Finally, we joined the North Coast 500! And what a rude awakening my dad had to the route, as he had to drive up the infamous Bealach na Bá (“Pass of the Cattle”) road with no preparation. I think, in the end, it was better my Mum and I didn’t warn him about this particular North Coast 500 highlight first.
It’s essentially a ridiculously steep, narrow, windy (not to mention busy, in the summer) mountain road to Applecross with approximately 569 warning signs before you ascend. Honestly, I recommend MOST people shouldn’t drive it and you cannot drive on it in a camper van. Plus, all those pictures you see of the road on Instagram are not from an official viewpoint. There is nowhere to stop, especially with cars both in front and behind.
And so, we arrived in Applecross (my dad having gained a few more grey hairs) and spent a short while walking around. There’s the Applecross Inn if you wanted to stop for a swift one (not the driver, of course!) and it looks like a great place to kayak.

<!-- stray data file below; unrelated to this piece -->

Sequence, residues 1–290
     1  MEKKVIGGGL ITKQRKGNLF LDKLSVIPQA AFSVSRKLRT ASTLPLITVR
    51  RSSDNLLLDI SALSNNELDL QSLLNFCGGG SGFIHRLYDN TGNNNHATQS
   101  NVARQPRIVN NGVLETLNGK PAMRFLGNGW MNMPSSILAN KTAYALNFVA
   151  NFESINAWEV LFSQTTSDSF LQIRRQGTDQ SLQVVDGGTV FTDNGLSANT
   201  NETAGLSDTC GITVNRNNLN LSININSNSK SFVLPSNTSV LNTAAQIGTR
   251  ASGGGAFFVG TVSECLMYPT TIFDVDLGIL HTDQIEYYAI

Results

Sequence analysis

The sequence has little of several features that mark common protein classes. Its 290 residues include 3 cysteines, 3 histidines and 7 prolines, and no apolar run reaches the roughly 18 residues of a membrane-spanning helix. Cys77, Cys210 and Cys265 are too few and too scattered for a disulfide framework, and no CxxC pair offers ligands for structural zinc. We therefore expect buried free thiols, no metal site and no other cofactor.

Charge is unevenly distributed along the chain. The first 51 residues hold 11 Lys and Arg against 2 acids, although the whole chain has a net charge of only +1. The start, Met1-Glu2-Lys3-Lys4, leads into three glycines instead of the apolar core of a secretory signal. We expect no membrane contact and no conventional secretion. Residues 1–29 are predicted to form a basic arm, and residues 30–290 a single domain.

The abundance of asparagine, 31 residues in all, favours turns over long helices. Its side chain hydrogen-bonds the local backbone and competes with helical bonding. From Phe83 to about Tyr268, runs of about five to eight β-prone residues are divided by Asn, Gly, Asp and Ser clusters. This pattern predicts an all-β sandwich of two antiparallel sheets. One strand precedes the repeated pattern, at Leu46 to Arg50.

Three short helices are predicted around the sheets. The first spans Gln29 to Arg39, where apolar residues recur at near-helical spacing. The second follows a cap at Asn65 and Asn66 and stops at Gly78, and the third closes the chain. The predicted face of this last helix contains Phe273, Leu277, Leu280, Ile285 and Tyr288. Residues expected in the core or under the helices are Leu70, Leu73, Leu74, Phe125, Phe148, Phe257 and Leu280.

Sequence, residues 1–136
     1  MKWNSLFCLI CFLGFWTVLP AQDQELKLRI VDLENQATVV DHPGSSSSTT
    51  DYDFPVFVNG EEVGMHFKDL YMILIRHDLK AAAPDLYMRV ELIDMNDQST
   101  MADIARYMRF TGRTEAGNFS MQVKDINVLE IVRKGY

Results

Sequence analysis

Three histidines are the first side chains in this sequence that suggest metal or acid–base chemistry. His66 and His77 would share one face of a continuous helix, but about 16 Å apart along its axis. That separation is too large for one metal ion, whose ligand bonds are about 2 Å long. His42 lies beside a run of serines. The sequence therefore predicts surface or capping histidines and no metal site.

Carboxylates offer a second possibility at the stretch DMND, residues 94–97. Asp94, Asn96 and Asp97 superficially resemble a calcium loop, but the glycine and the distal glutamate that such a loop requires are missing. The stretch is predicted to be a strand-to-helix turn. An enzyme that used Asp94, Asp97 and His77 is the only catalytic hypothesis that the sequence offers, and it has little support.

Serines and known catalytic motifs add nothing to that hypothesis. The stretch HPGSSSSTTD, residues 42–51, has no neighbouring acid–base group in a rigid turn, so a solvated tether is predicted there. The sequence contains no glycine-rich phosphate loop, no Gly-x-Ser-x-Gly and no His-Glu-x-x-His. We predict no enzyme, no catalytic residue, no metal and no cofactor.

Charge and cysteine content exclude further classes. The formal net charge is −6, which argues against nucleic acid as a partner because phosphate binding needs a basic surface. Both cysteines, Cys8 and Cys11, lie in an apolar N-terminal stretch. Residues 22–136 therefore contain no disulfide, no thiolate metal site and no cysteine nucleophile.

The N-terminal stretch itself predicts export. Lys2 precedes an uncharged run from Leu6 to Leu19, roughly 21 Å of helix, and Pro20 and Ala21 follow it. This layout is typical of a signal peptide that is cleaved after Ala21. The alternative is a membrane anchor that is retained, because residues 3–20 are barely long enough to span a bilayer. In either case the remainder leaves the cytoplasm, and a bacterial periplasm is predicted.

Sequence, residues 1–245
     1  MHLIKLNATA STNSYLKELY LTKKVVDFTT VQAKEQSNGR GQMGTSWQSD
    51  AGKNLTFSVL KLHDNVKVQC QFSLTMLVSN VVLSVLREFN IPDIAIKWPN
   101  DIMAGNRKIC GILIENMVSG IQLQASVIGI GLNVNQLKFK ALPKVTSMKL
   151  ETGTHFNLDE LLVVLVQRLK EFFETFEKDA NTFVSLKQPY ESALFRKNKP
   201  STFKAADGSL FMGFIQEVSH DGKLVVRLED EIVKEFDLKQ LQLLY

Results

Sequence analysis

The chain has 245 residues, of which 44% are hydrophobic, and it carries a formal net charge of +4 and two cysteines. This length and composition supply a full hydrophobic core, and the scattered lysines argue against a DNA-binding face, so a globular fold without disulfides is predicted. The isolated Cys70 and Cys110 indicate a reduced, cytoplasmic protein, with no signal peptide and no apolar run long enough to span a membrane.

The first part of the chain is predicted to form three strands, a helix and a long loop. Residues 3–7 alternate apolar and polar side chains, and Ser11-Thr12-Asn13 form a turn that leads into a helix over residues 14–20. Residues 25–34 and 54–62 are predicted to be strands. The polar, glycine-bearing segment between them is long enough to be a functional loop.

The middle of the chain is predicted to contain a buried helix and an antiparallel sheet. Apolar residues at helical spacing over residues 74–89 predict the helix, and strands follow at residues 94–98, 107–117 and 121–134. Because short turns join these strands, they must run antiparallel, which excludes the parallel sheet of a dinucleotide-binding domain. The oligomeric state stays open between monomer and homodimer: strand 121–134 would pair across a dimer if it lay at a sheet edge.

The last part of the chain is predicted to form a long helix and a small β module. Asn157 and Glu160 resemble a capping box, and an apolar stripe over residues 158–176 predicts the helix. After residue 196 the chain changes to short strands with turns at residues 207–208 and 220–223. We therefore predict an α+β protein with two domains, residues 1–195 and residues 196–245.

The same could be said for our next stop just up the coast, Shieldaig. I really loved walking around this place. If there was time, I’d have loved to sea kayak here. Pretty, peaceful, perfection.
Red Point Beach
The last of our North Coast 500 stops on day one was Red Point Beach. It was technically a detour off the main route, but a road trip without detours is a meal without adding extra garlic. You might’ve followed the recipe but you didn’t improve it when you easily could have, you know?